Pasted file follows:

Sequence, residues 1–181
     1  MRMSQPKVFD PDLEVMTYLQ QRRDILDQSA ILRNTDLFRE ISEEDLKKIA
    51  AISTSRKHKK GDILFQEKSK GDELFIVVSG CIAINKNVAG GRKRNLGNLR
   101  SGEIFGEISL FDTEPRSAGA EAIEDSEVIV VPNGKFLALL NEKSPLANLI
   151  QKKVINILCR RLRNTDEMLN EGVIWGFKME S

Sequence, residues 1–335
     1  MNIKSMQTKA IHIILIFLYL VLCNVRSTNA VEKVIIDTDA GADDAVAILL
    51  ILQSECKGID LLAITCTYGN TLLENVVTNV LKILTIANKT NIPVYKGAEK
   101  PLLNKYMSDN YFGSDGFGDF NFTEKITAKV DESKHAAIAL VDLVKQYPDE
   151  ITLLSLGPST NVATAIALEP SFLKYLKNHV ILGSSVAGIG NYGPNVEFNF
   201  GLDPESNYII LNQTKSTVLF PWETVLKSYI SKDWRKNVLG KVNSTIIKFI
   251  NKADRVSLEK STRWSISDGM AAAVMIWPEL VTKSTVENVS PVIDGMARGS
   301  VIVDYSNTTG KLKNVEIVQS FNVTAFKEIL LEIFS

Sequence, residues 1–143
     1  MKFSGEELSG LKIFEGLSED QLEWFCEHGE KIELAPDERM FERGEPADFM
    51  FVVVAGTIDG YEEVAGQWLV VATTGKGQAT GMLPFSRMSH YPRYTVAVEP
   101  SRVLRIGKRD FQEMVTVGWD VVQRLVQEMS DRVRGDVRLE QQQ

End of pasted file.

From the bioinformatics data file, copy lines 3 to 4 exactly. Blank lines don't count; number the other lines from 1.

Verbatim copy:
    51  AISTSRKHKK GDILFQEKSK GDELFIVVSG CIAINKNVAG GRKRNLGNLR
   101  SGEIFGEISL FDTEPRSAGA EAIEDSEVIV VPNGKFLALL NEKSPLANLI